With a glass of verdicchio, the perfect summer lunch at home in Italy.
Lemon Pesto Pasta (for four)
juice of two lemons (around 1-1,5 dl)
fresh basil leaves (a lot, three to four handfuls)
spaghetti or other dry pasta (around 100 g per person)
Make the pesto first. For a balanced taste and consistency, start with the idea of having one part lemon juice, one part olive oil and one part freshly grated parmesan. From that, work with your tastebuds.
I use a hand blender and begin by juicing the lemons to the mixing jar. Adding the right amount of oil is easy, as it will not blend to the juice but creates a layer on top of the lemon juice. Then I add the roughly chopped basil leaves in two or three batches and mix until the leaves are finely crushed.
Blend grated parmesan to the mix with a spoon, add a bit of salt and pepper, and taste. At this point, add any of the ingredients the sauce needs; lemon for freshness, basil for greenness (yes, that is a taste), parmesan or oil for balance and body, and so on.
Move the sauce to a serving dish and cook the pasta. Once it is done, drain the water and pour the steaming pasta over the sauce and blend.
Serve with olive oil, salt, pepper and parmesan that everyone can add the amount they like.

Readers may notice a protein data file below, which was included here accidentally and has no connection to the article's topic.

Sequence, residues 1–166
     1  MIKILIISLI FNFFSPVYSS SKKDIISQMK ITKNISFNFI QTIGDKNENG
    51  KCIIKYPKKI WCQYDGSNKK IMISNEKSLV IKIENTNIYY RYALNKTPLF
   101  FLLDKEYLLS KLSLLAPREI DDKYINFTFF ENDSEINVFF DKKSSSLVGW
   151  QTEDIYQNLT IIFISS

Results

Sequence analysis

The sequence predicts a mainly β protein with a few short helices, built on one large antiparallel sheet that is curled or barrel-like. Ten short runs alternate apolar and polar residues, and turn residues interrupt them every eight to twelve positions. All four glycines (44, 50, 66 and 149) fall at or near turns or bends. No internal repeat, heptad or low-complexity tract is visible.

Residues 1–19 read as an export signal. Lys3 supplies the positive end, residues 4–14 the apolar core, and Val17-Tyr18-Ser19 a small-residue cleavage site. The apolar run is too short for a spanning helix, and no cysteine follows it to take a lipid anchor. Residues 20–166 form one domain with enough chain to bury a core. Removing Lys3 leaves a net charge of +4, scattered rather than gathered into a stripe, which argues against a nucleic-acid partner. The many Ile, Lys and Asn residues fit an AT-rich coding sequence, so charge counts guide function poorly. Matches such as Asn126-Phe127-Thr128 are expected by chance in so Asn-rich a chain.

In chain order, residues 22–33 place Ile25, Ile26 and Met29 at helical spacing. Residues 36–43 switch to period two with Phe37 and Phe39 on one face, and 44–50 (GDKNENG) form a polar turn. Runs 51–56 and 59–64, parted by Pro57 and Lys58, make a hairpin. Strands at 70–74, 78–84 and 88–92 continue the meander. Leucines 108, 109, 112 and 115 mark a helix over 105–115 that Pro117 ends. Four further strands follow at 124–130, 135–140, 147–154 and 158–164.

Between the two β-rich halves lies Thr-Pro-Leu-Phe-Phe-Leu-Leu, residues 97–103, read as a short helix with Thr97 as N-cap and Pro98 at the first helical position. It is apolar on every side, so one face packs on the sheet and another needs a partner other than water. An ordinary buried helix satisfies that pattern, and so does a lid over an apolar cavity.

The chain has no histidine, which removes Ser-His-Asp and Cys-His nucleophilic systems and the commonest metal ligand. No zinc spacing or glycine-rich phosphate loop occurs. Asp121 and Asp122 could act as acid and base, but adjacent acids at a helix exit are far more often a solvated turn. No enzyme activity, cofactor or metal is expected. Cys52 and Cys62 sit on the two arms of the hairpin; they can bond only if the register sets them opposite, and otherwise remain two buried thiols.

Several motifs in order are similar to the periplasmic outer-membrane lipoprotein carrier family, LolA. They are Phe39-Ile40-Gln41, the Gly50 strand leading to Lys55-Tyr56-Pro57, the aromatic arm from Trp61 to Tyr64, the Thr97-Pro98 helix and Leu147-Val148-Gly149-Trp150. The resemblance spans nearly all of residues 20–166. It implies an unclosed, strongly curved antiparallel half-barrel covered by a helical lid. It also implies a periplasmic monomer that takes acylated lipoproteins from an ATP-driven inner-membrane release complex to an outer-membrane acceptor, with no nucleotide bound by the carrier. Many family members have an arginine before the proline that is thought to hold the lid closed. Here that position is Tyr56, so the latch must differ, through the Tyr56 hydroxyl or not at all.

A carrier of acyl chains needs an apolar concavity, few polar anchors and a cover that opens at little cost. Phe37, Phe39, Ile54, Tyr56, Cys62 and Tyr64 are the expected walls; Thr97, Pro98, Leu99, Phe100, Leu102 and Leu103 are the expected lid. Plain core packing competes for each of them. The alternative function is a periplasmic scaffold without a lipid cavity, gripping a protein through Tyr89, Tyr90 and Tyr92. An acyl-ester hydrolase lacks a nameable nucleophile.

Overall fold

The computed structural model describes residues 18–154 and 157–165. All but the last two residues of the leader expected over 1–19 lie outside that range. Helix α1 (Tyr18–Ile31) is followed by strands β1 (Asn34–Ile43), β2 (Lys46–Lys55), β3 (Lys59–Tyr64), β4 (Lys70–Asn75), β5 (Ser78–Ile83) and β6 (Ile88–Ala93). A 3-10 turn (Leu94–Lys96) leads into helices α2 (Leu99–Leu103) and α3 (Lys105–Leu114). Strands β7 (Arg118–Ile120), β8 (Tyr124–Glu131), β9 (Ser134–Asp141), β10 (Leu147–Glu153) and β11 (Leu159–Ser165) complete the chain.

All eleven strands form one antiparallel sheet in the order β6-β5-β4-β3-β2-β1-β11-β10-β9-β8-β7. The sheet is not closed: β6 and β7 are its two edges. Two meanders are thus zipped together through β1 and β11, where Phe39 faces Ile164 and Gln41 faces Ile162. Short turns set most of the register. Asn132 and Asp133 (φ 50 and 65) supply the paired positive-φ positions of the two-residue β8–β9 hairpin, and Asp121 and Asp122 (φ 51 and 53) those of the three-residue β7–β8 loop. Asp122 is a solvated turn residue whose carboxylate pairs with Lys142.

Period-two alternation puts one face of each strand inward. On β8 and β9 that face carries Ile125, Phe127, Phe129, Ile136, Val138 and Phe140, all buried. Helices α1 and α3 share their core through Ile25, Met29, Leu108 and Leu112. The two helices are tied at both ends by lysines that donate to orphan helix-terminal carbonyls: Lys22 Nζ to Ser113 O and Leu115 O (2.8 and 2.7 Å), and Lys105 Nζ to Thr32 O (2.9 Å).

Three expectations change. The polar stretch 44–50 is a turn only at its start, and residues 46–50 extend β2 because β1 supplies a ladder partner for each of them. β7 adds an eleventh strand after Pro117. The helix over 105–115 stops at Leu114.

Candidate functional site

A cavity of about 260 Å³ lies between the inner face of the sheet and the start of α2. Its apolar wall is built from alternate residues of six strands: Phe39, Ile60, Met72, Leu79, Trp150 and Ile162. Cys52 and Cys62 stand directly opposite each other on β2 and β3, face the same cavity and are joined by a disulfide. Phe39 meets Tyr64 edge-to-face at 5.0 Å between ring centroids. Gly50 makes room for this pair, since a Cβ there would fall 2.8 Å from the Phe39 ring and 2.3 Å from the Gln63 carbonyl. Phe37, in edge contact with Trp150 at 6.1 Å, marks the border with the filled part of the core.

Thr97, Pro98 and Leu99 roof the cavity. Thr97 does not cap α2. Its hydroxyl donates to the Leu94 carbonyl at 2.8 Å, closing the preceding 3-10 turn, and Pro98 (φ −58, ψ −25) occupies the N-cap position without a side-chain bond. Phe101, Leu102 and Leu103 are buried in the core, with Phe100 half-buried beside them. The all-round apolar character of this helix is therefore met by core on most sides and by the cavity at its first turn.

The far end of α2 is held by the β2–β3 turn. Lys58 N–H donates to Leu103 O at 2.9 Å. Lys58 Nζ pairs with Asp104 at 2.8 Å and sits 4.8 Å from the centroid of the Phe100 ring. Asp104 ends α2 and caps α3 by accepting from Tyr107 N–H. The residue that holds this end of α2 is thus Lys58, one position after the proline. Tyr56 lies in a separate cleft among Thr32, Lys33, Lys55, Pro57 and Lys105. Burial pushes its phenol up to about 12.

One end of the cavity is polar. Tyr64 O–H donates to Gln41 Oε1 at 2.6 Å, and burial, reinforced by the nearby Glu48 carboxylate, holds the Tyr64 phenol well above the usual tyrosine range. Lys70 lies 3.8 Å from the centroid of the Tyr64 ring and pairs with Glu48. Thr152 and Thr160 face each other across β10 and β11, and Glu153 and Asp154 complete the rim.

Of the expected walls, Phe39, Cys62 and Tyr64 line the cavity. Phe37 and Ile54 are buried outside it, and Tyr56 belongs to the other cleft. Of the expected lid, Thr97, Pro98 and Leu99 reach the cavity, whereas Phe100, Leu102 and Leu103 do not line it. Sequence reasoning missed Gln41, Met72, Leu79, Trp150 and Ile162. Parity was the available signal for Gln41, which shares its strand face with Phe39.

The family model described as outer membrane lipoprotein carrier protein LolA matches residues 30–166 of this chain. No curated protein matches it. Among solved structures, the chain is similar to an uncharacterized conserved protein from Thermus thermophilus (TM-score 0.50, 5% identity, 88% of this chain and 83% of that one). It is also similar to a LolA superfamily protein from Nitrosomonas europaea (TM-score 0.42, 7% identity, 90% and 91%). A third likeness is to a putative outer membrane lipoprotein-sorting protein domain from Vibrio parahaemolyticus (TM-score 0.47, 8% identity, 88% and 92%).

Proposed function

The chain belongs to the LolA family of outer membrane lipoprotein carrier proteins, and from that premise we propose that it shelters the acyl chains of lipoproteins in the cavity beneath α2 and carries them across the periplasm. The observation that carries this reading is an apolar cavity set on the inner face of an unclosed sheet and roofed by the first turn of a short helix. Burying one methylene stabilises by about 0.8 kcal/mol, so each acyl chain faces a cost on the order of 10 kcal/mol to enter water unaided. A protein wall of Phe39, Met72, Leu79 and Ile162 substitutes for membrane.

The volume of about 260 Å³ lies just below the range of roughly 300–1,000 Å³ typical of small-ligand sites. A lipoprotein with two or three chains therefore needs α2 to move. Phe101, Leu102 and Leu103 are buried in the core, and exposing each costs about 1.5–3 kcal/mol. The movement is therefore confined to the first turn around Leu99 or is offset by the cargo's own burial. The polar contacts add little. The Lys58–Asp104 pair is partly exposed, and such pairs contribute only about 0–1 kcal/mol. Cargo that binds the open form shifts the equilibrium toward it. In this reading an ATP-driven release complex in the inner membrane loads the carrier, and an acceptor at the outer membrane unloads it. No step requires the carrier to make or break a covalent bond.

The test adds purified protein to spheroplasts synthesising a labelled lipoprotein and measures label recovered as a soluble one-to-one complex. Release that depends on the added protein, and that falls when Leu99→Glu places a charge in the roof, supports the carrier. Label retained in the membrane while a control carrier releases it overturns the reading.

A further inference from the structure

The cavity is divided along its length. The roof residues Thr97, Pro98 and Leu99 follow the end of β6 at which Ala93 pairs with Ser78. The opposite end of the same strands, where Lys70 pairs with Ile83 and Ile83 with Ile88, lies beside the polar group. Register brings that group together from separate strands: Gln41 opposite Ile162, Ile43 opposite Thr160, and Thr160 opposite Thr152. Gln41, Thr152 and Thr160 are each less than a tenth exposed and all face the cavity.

If you are familiar with Italian dry pasta recipes, there is know way you would not succeed on this one. However, here are some basics that I have found helpful.
1. Italian cuisine is all about finding the best possible ingredients and then not doing anything to ruin them. So choose the good stuff. After this, you basically just need the courage to keep things simple. (For pasta, unless there is some great artisan pasta available, I buy De Cecco, that can be found in most supermarkets. We grow veggies and herbs in our garden and produce our own olive oil. Mainly because it is fun, though. There are great producers out there, ones that are passionate about the quality of their product. In my experience, they are often quite small, local and organic.)
2. When cooking pasta, start with a large pot filled with cold water. As water is coming to boil, salt it heavily. Cooking water should taste like the sea.
3. Make sure water is boiling with big bubbles before you add the pasta. The first plunge to the boiling water gives it a temperature shock and is crucial to the texture of the final product. After adding pasta, don’t forget to stir to prevent it from sticking together and cooking unevenly.
4. Cook pasta until it is al dente and pour it in a strainer. Do not rinse or let rest. At this point, you should have your sauce ready.
5. In other words, when the pasta is cooked, blend it with the sauce immediately. Use the pot you made the sauce in, or a serving dish where you have the sauce waiting. For some recipes it is good to save a little pasta cooking water to help the blending process.